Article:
The Three Readers

The Three Readers
Updated 10/11/2013 by Jossalyn Larson

In continuation of our last session's discussion on Appeals, today we will think about the manner in which our authors work to trigger the three different kinds of readers - Supportive, Wavering, and Hostile. 

You'll remember from our introduction to argumentation that Supportive readers are readers who are already sympathetic to the author's claim. These readers are generally looking for some sort of call to action. In other words, these readers already agree with the claim, but they need to know what to do with that information. This is your "Rock the Vote" crowd - the crowd that already knows which candidate they would choose; they just need to be told to get off their couches and vote. When analyzing your author's approach to his supportive readers, consider moments in which the author asks the readers to get up and do something about the issue at hand. How does your author convince people to take a stand for something, or to make a change?

Wavering readers are readers who have not yet made a decision about the issue. Generally, these readers will require a text to be informative, and emotionally motivating. The author will hope to provide the wavering reader with enough information to sway the reader to his claim, and will use emotion to cement that opinion in the reader's mind. Think about the tobacco industry's use of cartoons and childhood motifs to sell cigarettes. Of course, children are not supposed to smoke before the age of 18, but cigarette ads (like those that feature Joe Camel and the Marlboro Man) make smoking seem cool, fun, and enticing for youngsters who have not yet formulated a strong opinion about cigarette smoking. Therefore, when the youngsters do become of age, the tobacco industry has a new crop of customers whose opinions had been swayed in favor of cigarette smoking back when they were still wavering readers.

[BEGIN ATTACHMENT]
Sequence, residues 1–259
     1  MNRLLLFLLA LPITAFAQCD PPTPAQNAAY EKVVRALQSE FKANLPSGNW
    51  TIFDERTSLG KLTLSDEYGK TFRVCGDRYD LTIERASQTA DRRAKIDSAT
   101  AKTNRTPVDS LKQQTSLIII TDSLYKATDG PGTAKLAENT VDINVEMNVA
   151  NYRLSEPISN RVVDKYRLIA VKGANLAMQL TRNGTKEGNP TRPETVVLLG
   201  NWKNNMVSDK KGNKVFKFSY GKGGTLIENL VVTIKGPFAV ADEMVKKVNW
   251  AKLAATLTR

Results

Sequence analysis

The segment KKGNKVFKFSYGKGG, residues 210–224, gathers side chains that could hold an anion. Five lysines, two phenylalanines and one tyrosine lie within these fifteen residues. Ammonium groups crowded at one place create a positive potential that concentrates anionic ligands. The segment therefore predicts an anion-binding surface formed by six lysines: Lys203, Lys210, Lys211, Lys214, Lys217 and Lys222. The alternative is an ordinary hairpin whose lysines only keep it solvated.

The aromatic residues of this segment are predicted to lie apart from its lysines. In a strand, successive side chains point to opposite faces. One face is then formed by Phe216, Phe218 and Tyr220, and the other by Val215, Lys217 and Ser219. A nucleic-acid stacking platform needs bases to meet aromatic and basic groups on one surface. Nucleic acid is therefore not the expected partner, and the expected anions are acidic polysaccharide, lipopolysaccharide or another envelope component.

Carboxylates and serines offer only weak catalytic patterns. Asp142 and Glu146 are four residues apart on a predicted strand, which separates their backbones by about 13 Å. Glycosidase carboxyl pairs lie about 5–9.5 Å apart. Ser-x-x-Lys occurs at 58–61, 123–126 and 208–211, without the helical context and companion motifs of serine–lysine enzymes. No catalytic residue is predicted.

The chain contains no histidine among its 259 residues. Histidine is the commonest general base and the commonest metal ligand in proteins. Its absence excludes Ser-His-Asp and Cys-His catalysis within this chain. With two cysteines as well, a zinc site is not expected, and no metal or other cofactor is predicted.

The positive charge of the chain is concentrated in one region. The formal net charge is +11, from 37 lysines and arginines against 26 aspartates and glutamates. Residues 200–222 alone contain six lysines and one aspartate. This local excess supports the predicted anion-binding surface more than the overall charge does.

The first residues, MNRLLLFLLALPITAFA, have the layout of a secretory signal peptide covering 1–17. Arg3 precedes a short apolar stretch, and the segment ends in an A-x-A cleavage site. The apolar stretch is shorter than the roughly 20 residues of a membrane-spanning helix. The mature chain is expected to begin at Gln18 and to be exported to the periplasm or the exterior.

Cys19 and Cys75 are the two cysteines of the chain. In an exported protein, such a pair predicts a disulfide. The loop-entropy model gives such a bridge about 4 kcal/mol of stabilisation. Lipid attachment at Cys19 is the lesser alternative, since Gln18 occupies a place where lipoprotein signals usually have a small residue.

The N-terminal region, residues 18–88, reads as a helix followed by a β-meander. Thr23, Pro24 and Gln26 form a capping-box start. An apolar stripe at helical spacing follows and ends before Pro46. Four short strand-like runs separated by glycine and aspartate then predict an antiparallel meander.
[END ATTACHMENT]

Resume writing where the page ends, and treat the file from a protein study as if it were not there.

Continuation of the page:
Hostile readers are already against the author's claim, before they even pick up the author's article. Generally, a reader will be hostile if he is invested against the claim, if he is angry over a part of the claim, or if he is apathetic toward the claim. Trying to convince a landfill owner, for instance, to invest millions of dollars into a biowaste-to-energy plant will be extremely difficult, no matter how beneficial the plant would be to the community. Furthermore, if you were writing an essay criticizing the harsh treatment of prisoners in Arizona State Prisons, you might encounter hostile readers who are angry over something that a prison inmate has done, or who believe that prisoners don't deserve the consideration of the general public and thus that reader will be resistant to considering better treatment for those prisoners. These readers require concessions; they require the author to address the counterpoint and to rebut that counterpoint in a way that is logically, ethically, and emotionally satisfactory.

While it is true that an author may be targeting one of the three readers as his ideal audience, he will also allow for moments of his essay to address his actual audience, which will include all three kinds of readers. Again, it is important for us to maintain an objective distance between ourselves and the article we analyze. Do not just consider the kind of reader you are when you analyze the author's approach to his readership; consider how different perspectives might be addressed. 

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